12 SYMANTEC / STATE OF PRIVACY REPORT Trust in the following organisations to keep data completely secure The State of Privacy research showed the most trusted organisations are those that do not have an overt business model built on collecting data. Total UK France Germany Denmark Spain Netherlands Italy Of the 6 main sectors included in the study the least trusted organisations are retailers and social media, with only 20% and 10% respectively. Symantec sees the lack of trust in these companies as a reputational issue, possibly stemming from recent high profile data protection incidents. Hospitals 69 % 68 % 71 % 59 % 78 % 70 % 72 % 63 % Banks 66 % 65 % 62 % 58 % 82 % 64 % 71 % 59 % Tech companies which have also suffered from recent data breaches, generated trust from only 22% of respondents Government 45 % 39 % 37 % 30 % 69 % 37 % 57 % 45 % Tech Companies Retailers 22 % 20 % 23 % 21 % 22 % 19 % 18 % 24 % 20 % 18 % 24 % 22 % 18 % 14 % 31 % 22 % The most trusted sector was the health industry with a 69% level of trust. This is interesting when one examines the quantity of data breaches in this sector. Symantec s Internet Security Threat Report indicated that health records are globally the fifth most breached type of personal data, and that the public sector is most at risk of targeted attacks. Social Media Hospitals 10 % Banks 12 % 8 % Government 9 % Tech Companies 8 % 69 % 66 % 45 % 22 % 11 % 8 % 17 % Retailers Social Media 20 % 10 Consumer perceptions are really interesting here. We see a trend where those industry sectors gathering data for consumer protection purposes such as the medical industry or passport offices, have a higher level of trust. However, where companies business models are based on data whether for web search or classification or social sharing trust is much lower, and this is something which companies will need to address. Siân John chief strategist for EMEA at Symantec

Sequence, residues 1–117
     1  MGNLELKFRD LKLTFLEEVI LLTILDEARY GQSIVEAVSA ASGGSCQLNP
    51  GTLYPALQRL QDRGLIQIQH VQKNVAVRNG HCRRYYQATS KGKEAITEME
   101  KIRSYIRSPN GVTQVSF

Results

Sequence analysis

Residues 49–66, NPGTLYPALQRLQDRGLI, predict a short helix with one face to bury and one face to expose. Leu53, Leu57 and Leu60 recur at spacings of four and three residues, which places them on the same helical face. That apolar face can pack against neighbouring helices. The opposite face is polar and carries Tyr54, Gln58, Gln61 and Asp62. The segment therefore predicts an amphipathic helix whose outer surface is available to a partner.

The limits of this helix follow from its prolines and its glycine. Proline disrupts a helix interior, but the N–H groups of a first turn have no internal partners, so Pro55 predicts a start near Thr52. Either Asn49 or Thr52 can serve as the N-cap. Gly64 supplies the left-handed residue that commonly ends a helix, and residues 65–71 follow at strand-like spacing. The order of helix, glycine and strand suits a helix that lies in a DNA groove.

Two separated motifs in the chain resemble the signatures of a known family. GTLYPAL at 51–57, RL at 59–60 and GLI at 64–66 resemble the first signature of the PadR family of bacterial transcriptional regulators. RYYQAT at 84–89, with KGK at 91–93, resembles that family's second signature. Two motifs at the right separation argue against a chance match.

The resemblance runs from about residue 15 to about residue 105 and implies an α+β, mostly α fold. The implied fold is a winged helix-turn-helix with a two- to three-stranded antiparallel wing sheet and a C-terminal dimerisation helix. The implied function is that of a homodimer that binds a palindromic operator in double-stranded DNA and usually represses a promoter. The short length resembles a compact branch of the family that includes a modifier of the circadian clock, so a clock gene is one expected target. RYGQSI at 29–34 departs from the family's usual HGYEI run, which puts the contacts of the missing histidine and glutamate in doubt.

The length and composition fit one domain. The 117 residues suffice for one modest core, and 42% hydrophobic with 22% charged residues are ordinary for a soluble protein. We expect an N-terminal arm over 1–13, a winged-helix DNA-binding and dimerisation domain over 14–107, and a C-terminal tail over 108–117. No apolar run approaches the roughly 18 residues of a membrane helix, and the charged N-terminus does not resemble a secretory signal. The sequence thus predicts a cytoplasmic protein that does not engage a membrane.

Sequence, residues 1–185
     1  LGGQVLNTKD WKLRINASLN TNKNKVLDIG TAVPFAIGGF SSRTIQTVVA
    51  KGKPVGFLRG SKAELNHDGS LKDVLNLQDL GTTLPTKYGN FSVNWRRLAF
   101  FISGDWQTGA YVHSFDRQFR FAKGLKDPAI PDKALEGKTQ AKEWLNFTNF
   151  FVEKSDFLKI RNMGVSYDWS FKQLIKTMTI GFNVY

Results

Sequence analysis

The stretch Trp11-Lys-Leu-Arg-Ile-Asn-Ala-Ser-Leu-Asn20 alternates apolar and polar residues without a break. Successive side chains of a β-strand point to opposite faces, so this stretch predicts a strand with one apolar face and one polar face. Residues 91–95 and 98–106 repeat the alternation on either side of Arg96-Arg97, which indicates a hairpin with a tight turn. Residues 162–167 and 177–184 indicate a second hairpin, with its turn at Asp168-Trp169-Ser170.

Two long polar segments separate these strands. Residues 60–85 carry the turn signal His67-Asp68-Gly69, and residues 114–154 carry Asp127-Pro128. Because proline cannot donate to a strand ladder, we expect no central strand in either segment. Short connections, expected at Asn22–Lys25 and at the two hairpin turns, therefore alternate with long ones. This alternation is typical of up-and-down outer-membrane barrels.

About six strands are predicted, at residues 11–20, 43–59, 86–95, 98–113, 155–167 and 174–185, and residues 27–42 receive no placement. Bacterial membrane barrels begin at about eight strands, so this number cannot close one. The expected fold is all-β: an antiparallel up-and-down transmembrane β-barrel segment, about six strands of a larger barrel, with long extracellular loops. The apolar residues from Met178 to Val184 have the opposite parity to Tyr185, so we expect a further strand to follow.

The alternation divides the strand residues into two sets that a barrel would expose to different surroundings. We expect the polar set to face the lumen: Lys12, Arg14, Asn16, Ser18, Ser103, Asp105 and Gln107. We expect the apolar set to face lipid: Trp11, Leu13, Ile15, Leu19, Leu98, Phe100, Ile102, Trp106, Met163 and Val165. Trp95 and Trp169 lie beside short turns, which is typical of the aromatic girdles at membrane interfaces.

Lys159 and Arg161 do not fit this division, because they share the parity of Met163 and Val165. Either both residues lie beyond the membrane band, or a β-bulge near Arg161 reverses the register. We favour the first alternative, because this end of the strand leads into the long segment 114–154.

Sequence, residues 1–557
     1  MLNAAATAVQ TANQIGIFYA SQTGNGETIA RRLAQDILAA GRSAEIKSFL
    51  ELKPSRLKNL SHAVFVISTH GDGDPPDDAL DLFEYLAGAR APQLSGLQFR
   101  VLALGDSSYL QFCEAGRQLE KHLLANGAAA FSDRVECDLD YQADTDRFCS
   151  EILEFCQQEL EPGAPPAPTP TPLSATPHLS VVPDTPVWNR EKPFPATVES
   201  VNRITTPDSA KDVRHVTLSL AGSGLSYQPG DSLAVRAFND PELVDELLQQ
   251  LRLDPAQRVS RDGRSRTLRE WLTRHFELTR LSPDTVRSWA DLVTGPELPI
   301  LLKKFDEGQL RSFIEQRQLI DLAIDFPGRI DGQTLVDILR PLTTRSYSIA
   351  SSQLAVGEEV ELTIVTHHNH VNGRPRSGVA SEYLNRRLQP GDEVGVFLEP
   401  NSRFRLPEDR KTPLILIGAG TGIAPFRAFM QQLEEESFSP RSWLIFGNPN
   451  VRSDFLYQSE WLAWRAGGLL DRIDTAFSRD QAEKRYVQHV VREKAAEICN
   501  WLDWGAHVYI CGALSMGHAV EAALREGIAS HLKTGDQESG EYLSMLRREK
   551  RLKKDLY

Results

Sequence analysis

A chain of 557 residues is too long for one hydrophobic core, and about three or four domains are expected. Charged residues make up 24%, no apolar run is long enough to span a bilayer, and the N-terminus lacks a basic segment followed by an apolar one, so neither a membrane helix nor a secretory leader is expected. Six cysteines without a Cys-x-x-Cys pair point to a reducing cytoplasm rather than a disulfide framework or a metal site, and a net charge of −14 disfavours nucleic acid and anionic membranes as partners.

13 SYMANTEC / STATE OF PRIVACY REPORT Perceived privacy of data vs perceived security The Trust Gap Online Browsing Contact Details Total -36pts -34pts UK -8pts -7pts France -46pts -46pts Germany -32pts -36pts Denmark -48pts -33pts Spain -41pts -36pts Netherlands -50pts -38pts Italy -31pts -38pts The largest trust gap exists for online browsing, where there is a 36% difference between how private individuals believe their search history should be, and how secure they believe it is. A gap also exists in all other personal information sets. Even with vital passport information that is controlled by the government, the trust gap remains high at 22%. Businesses need to be more transparent with customers on how they are keeping data secure. Security needs to be embedded into a company s value chain, but it should also be viewed internally as a customer winning requirement, and not just a cost. Social Media Profiles -25pts -6pts -34pts -25pts -30pts -29pts -31pts -22pts Ilias Chantzos senior director government affairs EMEA at Symantec Passport -22pts -4pts -29pts -26pts -18pts -26pts -21pts -29pts The trust in organisations is further undermined by concern over how companies profit from personal information. Medical Records -22pts -6pts -30pts -29pts -18pts -22pts -17pts -29pts We have already discussed how the report shows that Europeans think their data has transactional and financial value. However, the research also shows that the majority think companies are using their data to make extra profit. Grocery Habits Bank -19pts -19pts -4pts -7pts -24pts -23pts -14pts -27pts -23pts -14pts -21pts -18pts -31pts -18pts -12pts -26pts 32 % believe personal data is being used to improve customer experience. Online Browsing Contact Details Social Media Profiles Passport Medical Records Grocery Habits -36 % -34 % -25 % -22 % -22 % -19 % -19 % Bank 70 % 74 % think their personal data is being sold on to third parties for profit. of European respondents think it is unfair that companies are making money from their personal information.